# Search results

Displaying 1 - 10 of total **30** results:

In this interview, Roman Jackiw discusses topics such as: his childhood and family background; undergraduate education at Swarthmore; graduate work at Cornell University; working with Hans Bethe and Kenneth Wilson; particle physics; David Gross; working at the Massachusetts Institute of Technology (MIT); John Bell; awards and degrees he has been awarded.

Born in Oregon 1912, entered Purdue University, 1932, studying solid state physics, teaching assistant work with Lothar Nordheim on crystal structure, 1937; Ph.D. thesis, 1937 (published 1940); physics department under Karl Lark-Horovitz grows in the 1930s, visiting lecturers (refugees from Germany and Europe: Lothar Nordheim, Hans Bethe, Edward Teller, Eugene Wigner). First cyclotron (homemade), 1935.

This interview focuses on Morrison's scientific papers, written primarily during his years at Cornell University, 1946-1964. Also covered is his graduate work with Robert Oppenheimer, getting a position at the University of Illinois Urbana-Champaign (1940-1942), being recruited for the Manhattan Project (1942-1946) and ultimately after WWII going to Cornell to work with Hans Bethe. Topics discussed include: helium isotope research; cosmic ray research; gamma ray astronomy; SETI; review of his best papers; reviewing books for Scientific American; Charles Eames; films and lectures including

This interview focuses on Morrison's scientific papers, written primarily during his years at Cornell University, 1946-1964. Also covered is his graduate work with Robert Oppenheimer, getting a position at the University of Illinois Urbana-Champaign (1940-1942), being recruited for the Manhattan Project (1942-1946) and ultimately after WWII going to Cornell to work with Hans Bethe. Topics discussed include: helium isotope research; cosmic ray research; gamma ray astronomy; SETI; review of his best papers; reviewing books for Scientific American; Charles Eames; films and lectures including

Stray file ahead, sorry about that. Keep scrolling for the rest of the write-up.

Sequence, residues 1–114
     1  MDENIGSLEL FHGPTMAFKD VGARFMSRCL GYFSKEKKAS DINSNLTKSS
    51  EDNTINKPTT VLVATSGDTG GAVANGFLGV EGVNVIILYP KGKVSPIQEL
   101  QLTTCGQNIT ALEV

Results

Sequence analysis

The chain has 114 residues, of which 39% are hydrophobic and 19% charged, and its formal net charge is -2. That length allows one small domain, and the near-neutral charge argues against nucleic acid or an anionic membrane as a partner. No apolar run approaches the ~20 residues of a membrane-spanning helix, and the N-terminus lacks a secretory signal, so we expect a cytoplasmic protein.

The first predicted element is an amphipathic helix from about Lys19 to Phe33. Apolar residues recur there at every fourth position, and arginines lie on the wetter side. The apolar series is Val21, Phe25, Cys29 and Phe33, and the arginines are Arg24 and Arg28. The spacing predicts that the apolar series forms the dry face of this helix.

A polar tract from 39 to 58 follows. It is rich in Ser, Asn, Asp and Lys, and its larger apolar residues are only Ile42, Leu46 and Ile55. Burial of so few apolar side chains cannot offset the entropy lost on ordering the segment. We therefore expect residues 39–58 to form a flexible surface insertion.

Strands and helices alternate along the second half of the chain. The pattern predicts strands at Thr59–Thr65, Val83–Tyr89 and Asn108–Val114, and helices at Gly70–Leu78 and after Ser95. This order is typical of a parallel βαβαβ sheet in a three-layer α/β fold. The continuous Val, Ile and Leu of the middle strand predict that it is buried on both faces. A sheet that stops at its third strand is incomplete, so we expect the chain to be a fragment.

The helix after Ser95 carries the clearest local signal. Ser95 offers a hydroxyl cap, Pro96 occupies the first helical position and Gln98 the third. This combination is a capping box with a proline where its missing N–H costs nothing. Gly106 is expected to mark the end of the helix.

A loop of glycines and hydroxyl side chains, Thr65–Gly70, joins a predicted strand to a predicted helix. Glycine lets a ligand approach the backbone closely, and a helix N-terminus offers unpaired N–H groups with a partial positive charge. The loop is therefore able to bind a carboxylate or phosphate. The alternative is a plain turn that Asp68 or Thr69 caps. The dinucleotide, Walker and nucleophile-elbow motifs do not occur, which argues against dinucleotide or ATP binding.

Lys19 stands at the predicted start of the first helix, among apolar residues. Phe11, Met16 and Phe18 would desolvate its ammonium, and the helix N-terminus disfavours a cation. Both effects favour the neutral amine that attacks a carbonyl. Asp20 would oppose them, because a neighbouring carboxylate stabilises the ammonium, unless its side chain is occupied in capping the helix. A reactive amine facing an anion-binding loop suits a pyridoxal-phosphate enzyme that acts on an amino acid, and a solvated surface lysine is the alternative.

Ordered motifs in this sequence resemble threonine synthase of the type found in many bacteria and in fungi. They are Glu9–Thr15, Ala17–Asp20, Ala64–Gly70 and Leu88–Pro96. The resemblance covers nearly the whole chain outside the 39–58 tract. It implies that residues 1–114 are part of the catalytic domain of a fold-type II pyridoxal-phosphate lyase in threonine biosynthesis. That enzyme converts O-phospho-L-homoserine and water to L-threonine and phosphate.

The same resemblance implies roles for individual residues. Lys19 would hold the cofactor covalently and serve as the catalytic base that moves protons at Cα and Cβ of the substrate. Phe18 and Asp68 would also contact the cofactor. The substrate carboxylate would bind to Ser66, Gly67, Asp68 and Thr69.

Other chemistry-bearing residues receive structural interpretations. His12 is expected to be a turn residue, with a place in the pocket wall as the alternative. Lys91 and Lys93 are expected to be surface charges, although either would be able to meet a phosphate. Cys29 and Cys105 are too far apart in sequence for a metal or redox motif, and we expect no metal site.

In this interview Robert Bacher discusses science policy and physicists' involvement in it after World War II through 1970. Topics discussed include: General Leslie Groves; international control of atomic energy; Chauncey Star; Manson Benedict; Report on the International Control of Atomic Energy (Acheson–Lilienthal Report); Dean Acheson; David Lilienthal; J.

Fundamental work in developing the cyclotron and other accelerators. Early life, education prior to graduate studies at University of California at Berkeley from 1931; work with Ernest O. Lawrence at Berkeley and with Hans A. Bethe at Cornell University. Work on the 42-inch cyclotron at MIT in 1938, subsequent war work, later role in development of new high energy installations at Brookhaven National Laboratory, CERN and University of Cambridge.

Interview covers the development of several branches of theoretical physics from the 1930s through the 1960s; the most extensive discussions deal with topics in quantum electrodynamics, nuclear physics as it relates to fission technology, meson field theory, superfluidity and other properties of liquid helium, beta decay and the Universal Fermi Interaction, with particular emphasis on Feynman's work in the reformulation of quantum electrodynamic field equations.

Interview covers the development of several branches of theoretical physics from the 1930s through the 1960s; the most extensive discussions deal with topics in quantum electrodynamics, nuclear physics as it relates to fission technology, meson field theory, superfluidity and other properties of liquid helium, beta decay and the Universal Fermi Interaction, with particular emphasis on Feynman's work in the reformulation of quantum electrodynamic field equations.

Interview covers the development of several branches of theoretical physics from the 1930s through the 1960s; the most extensive discussions deal with topics in quantum electrodynamics, nuclear physics as it relates to fission technology, meson field theory, superfluidity and other properties of liquid helium, beta decay and the Universal Fermi Interaction, with particular emphasis on Feynman's work in the reformulation of quantum electrodynamic field equations.